Blood Diamond (15)

A sparkling lesson
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The two aims of Blood Diamond are to provide all the rollercoaster thrills of a rip-roaring action-adventure epic, and to present the viewer with a dossier of statistics about the human cost of the diamond industry. It does both of these things extremely well, the only flaw in the gem being that it doesn't always do them both at the same time.

It's set in 1999 in Sierra Leone. Djimon Hounsou is a fisherman who lives the simple life, a world away from the civil war, until a band of rebels raids his village (in a scene oddly similar to the one at the start of the recent Apocalypto). The rebels force him to pan for diamonds, and he unearths a 100-carat pink stone, which he manages to bury just as government troops charge in. Leonardo DiCaprio, playing the Humphrey Bogart role of a self-centred mercenary who might just end up doing the right thing, promises to help Hounsou track down his family if Hounsou will lead him to the pink diamond. DiCaprio in turn needs the help of an American journalist, Jennifer Connelly, who agrees to aid the men in return for inside information about how diamonds which cause and finance nationwide carnage can wind up in respectable jeweller's shops.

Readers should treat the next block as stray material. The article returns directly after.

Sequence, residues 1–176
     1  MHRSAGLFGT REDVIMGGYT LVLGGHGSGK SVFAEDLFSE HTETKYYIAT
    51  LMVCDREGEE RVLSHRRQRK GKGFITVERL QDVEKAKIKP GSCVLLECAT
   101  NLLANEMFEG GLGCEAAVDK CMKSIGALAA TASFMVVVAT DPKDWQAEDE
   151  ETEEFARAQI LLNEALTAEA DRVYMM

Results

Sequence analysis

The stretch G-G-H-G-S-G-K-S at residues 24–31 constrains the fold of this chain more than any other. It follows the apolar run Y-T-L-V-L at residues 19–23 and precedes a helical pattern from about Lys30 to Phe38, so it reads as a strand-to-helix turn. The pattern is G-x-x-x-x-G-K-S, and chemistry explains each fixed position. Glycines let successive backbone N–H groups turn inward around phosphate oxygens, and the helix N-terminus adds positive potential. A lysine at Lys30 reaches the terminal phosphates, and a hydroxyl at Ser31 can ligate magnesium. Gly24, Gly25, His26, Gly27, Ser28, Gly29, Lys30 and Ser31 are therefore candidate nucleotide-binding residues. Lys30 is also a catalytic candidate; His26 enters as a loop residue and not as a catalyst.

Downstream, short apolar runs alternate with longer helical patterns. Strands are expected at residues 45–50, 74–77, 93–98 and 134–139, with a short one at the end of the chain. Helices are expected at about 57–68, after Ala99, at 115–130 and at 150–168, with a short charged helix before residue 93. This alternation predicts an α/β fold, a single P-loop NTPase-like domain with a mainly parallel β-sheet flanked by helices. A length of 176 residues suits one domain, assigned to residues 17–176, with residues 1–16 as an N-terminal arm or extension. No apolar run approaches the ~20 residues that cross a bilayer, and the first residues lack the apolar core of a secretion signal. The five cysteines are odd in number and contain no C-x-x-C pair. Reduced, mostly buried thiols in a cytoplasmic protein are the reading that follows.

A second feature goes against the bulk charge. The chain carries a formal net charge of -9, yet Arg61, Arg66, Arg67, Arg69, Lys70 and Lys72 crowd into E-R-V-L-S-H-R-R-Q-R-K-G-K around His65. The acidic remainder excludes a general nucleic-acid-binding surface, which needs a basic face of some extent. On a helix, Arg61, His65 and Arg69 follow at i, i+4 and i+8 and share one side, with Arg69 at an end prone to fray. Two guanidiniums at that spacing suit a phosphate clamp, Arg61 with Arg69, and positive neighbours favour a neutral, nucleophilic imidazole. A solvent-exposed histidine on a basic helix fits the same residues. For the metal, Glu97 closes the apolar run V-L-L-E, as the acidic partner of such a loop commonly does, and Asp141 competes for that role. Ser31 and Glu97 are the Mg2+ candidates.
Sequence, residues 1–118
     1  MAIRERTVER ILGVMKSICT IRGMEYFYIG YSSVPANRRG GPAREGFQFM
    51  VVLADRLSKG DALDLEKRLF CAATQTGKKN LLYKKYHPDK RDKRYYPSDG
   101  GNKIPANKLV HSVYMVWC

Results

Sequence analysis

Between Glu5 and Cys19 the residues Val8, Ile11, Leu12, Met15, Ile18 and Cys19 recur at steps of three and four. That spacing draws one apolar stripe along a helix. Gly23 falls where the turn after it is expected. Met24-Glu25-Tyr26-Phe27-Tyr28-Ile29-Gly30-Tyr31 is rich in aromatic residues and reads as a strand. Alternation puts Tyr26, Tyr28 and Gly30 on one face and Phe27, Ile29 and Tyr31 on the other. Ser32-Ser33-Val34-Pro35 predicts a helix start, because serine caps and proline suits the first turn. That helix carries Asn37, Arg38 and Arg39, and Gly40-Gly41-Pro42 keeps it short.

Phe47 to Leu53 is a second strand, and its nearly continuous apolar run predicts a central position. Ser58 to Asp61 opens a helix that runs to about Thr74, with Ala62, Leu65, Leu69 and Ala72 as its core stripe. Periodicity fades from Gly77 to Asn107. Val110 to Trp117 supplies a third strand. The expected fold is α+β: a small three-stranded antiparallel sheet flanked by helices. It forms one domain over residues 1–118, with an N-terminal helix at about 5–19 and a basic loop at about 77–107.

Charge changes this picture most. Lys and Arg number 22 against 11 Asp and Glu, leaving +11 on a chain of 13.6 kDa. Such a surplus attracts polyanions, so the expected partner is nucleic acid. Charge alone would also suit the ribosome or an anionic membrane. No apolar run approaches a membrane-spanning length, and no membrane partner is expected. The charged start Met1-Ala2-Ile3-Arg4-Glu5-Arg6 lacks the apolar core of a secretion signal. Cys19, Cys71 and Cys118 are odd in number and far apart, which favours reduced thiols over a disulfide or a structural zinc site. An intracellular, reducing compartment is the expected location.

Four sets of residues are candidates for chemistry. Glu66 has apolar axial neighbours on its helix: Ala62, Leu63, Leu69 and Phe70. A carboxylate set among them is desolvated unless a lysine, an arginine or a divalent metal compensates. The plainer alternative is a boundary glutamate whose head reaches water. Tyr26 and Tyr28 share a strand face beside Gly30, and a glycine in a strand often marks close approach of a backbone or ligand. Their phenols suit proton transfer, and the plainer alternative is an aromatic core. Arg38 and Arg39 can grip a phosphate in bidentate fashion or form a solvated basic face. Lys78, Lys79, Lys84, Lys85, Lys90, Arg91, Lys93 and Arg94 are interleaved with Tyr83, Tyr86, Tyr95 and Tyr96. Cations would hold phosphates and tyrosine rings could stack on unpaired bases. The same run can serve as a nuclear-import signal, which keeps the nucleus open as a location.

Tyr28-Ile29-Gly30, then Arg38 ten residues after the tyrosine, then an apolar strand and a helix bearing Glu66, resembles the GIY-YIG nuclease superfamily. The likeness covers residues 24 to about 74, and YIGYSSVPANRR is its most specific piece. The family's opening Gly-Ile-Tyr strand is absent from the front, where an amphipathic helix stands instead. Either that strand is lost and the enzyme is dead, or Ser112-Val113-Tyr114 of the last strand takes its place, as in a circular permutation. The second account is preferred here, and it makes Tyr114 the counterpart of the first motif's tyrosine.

Hounsou's role in the film is to suffer nobly, and Connelly's job is to look as if she's in a fashion magazine, not a war zone. But DiCaprio deserves his Oscar nomination for the breathtaking intensity of his performance. Fully convincing in a grown-up role at last, he does so much running, shouting, sweating and smoking that he's lucky he doesn't have a coronary.

For a while, the film is as tough and energetic as his contribution to it. The plot hurtles along, and there are some shuddering scenes of violence, often perpetrated by brainwashed child soldiers. It's in the second half that the action and the facts go their separate ways.

Perhaps Zwick and the writer, Charles Leavitt, were loath to waste any of their research, because they keep halting proceedings while the characters deliver history lessons and what's-my-motivation autobiographies. Most of those lectures could have been cut, and considering that the film is nearly two-and-a-half hours long, it wouldn't have done the running time any harm if they had.

n.barber@independent.co.uk

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